If the punishments are for the first, I don't have much of an issue.

If it's the second, I do. Rape should mean having nonconsensual sex with someone and the determination of whether that happened should be a criminal matter handled by people who are trained to investigate crimes.

I disagree, because what constitutes consent is, while clear in many cases, fuzzy around the edges, especially when people are in impaired states. I doubt the law would consider some of the sex I've been involved in rape, but to me it was, and many others would probably agree with me. Other times, sex I've been involved in would see me as a rapist in the eyes of the law when no party involved would ever make such a declaration. Even the definition of what constitutes rape in the eyes of the law is a subject up for debate, and it has been for a very long time.

Saying that simply because the legal system for government has adjudicated something as not-rape does not establish for all parties that it wasn't. It means they can't be jailed or imprisoned. But that can't and should not deny other organizations the right to hold their own position on what the thing that happened ought be called.
 

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They were suspended by the coach of the team, this indicates to me that they broke team rules. I doubt that the female student in this case was on the football team, so it would be hard for her to be suspended from the team for breaking team rules.
They are still facing possible expulsion by the school administrator while the accuser is facing no consequences even if it turns out she was lying.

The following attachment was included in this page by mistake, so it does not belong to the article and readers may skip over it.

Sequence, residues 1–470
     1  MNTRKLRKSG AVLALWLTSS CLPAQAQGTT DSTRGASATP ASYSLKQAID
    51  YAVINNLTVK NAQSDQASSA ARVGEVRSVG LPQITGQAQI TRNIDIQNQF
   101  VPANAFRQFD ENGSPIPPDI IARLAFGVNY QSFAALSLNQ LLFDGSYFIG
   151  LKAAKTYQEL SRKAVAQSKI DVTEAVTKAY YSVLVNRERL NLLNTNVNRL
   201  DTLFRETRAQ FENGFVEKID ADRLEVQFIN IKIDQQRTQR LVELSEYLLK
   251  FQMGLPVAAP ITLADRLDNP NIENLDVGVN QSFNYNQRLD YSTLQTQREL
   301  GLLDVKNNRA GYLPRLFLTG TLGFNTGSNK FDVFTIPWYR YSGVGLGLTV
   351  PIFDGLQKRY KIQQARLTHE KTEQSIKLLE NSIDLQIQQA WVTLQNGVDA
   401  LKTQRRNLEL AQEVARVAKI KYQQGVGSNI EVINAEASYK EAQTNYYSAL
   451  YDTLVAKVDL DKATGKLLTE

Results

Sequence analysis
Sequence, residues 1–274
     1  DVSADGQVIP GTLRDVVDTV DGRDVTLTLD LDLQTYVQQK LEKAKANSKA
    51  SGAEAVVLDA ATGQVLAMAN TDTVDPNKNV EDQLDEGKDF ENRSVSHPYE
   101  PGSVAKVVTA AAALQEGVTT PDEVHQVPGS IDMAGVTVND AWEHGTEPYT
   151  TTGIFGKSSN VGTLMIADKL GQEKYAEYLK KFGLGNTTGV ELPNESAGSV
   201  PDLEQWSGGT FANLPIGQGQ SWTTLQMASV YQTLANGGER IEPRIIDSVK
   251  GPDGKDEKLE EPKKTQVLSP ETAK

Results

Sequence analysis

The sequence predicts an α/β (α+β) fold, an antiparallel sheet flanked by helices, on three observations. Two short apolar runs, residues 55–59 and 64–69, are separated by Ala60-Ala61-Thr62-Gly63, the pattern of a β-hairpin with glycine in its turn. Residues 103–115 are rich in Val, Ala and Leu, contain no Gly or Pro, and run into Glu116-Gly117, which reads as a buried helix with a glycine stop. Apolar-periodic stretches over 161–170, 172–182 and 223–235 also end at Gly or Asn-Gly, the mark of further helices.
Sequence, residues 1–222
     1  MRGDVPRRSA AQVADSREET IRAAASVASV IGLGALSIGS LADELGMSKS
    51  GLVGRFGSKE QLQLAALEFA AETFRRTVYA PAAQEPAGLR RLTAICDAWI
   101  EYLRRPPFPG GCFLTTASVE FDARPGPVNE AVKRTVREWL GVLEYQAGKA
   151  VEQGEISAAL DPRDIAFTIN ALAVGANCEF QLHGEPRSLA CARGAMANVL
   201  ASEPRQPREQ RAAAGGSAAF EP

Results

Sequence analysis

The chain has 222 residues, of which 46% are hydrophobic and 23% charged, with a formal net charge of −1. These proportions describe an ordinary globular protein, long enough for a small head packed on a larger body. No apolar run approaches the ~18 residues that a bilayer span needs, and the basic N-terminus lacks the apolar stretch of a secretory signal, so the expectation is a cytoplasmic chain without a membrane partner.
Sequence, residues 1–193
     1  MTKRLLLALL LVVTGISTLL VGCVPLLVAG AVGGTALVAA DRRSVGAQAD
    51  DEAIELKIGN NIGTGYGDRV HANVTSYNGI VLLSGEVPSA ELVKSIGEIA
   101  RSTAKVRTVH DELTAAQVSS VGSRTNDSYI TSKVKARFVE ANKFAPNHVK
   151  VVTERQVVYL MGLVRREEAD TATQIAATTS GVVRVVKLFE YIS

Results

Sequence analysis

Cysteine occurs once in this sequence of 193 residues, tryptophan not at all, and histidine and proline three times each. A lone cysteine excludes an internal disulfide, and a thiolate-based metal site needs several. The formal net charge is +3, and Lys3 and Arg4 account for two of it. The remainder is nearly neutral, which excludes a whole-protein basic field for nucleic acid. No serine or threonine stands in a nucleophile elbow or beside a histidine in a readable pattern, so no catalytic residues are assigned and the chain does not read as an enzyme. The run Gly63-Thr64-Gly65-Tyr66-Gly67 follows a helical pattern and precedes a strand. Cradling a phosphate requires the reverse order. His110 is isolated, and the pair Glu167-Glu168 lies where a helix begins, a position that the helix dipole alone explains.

Emma "Mattress Girl" Sulkowitz was not expelled from Columbia. Not even Jackie Coakley was expelled from UVA. Making false rape allegations is a very safe way for women to take revenge for whatever reason.
You keep confusing "false" with "lie".
 

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I'm going to go out on a limb here and guess that one of their rules is 'don't do shit that makes the team and school look bad' or some variant on that theme.
And consensual sex makes the team and school look bad? If the school makes athelets who party and engage in sexual activity automatically suspect and subject to suspensions then that will harm their recruiting efforts. I.e. this heavy-handed treatment of male students is what is making the school look bad.

And being caught, on film, at a party with drug use, underage drinking, and HIGHLY questionable sex acts, qualifies.
But the girl was also at the party with drug use, underage drinking and questionable sex acts. Why isn't she facing consequences for her behavior? Oh yes, I forgot, she is "lacking in testosterone" so she can get away with things people who have testosterone can't. :rolleyes:

Because the definition of "what is ethically considered a 'rape'?" has frayed and arbitrary edges, and because this is a private institution, they have a right to have a different definition of what precisely qualifies it as one.
So you think they can randomly and arbitrarily decide what rape is? Rape has a meaning, if you start calling consensual sex "rape" the word loses any legitimate meaning.

And perhaps, for them, the questionable sex act caught on film qualifies as one, whereas in the eyes of the government it is not. It is not unlike a church excommunicating a member for some grave sin that does not otherwise exist in the eyes of the law. The church still has that right.
Let's say this university defines "rape" very loosely. But if the sex in question was consensual then both parties engaged in it freely. So if one is a "rapist", then so is the other. Why should females be given a free pass here?